Aricidea (Acmira) catherinae Laubier, 1967,

Erdoğan-Dereli, Deniz & Çinar, Melih Ertan, 2020, The diversity of the genus Aricidea (Polychaeta: Paraonidae) from the Sea of Marmara, with descriptions of two new species and two new records for the Mediterranean fauna, Zootaxa 4844 (1), pp. 1-73: 13-15

publication ID

publication LSID


persistent identifier

treatment provided by


scientific name

Aricidea (Acmira) catherinae Laubier, 1967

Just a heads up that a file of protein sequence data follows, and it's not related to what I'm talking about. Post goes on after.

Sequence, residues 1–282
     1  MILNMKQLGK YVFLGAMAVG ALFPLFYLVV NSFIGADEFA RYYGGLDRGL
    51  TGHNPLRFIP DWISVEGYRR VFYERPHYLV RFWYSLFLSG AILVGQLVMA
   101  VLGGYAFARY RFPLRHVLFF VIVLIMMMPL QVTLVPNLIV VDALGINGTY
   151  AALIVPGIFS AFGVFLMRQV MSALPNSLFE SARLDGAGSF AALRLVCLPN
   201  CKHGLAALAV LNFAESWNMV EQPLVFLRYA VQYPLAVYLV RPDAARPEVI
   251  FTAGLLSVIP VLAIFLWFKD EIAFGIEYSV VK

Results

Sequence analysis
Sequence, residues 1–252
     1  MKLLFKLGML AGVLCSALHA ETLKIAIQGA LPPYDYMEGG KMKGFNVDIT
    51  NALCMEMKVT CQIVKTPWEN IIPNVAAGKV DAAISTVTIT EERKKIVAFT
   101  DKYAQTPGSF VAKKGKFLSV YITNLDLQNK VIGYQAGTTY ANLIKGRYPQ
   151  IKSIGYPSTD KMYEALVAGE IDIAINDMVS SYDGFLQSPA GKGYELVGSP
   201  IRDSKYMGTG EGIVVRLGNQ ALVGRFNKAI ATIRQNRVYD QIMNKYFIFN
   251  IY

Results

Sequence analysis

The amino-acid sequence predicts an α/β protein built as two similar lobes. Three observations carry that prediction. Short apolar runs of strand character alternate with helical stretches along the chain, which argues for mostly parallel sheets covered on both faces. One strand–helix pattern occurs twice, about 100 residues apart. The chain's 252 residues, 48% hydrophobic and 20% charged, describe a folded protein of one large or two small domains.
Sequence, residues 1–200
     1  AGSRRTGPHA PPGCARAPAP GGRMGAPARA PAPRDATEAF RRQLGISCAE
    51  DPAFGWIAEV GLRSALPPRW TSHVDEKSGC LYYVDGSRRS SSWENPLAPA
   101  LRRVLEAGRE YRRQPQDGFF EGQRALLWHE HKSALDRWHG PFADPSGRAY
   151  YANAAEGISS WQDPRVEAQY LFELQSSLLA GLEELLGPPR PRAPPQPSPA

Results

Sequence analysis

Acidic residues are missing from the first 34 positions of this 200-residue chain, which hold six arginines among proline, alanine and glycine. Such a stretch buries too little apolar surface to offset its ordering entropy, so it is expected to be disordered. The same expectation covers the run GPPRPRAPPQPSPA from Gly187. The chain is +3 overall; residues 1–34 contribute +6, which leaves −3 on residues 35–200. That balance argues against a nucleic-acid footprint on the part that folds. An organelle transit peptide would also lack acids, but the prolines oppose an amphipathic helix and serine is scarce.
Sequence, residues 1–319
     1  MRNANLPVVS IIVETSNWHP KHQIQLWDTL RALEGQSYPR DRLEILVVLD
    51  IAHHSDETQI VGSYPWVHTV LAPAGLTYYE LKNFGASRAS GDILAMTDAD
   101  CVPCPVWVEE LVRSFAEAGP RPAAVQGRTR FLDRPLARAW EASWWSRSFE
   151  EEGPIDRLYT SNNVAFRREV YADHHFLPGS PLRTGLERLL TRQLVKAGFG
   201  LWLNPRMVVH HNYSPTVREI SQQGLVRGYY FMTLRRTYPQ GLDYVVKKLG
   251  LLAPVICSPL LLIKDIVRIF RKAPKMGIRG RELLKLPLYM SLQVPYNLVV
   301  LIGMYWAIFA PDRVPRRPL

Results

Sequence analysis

Aricidea (Acmira) catherinae Laubier, 1967 

( Figures 7–9View FIGURE 7View FIGURE 8View FIGURE9)

Aricidea catherinae Laubier 1967: 112–118  , figs. 4, 5 A–D.

Aricidea (Acesta) catherinae: Strelzov 1979: 105–108  , fig. 38.

Aricidea (Acmira) catherinae: Blake 1996: 56–57  , fig. 2.14; Lovell 2002: 42–44, fig. 5; Aguirrezabalaga 2012: 169–172, figs. 59–60.